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Submitted by Tim Buckley on Wed, 08/04/2010 - 8:14am.
Just as quickly as he came, he's vanished. Tropical Storm Colin had a less than impressive 12 hour run as a named storm, topping out with maximum winds around 40 mph - just barely above the 39 mph threshold needed for a tropical storm.
But just what caused the storm to deteriorate so quickly? It turns out the fast speed of the storm and interaction with fairly hefty vertical wind shear were just the ingredients needed to tear the storm apart. Tropical systems typically have a slower face, allowing their tall thunderstorms to move at a gradual pace across the ocean - letting them develop to their full potential. These storms are fragile, and need winds to vary as little as possible throughout their nearly 50,000 ft high columns. In other words, storms need low wind shear.
With Colin, the system had a fast forward motion of about 25 mph to the west at the surface. These low level easterlies came into contact with some upper level westerlies - pushing the tall columns of thunderstorms in different directions, killing the storms organization and circulation.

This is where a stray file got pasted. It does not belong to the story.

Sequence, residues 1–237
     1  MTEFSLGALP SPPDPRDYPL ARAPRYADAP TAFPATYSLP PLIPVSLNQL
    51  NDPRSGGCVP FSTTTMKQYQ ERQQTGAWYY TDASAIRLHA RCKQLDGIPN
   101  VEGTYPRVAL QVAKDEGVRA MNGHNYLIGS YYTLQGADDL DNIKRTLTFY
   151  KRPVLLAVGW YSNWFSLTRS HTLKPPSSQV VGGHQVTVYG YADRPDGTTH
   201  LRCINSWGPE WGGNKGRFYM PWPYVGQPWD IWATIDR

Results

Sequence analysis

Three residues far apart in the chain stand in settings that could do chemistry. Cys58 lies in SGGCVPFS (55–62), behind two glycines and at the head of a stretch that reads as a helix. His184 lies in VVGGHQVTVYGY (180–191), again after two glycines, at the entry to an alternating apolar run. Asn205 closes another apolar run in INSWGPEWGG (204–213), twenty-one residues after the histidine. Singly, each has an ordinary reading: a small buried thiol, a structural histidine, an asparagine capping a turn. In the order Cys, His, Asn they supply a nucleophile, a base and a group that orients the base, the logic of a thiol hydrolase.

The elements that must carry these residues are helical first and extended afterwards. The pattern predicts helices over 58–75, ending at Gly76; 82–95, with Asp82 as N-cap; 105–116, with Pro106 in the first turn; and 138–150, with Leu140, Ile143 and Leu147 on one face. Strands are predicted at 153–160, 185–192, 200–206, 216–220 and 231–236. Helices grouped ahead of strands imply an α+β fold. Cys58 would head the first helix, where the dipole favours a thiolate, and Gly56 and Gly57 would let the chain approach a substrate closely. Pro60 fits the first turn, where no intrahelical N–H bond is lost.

And so, we say goodbye to Colin - although his effects may not go unseen on our shores. Higher surf and higher rip current risks are likely this weekend as what's left of the storm passes between North Carolina and Bermuda.
The bigger story on this day should certainly be the heat and humidity, which will again combine to make sweltering conditions across the area. Heat index values well over 100 should be common this afternoon through the rest of the week.
Take it easy outside!
By: Tim Buckley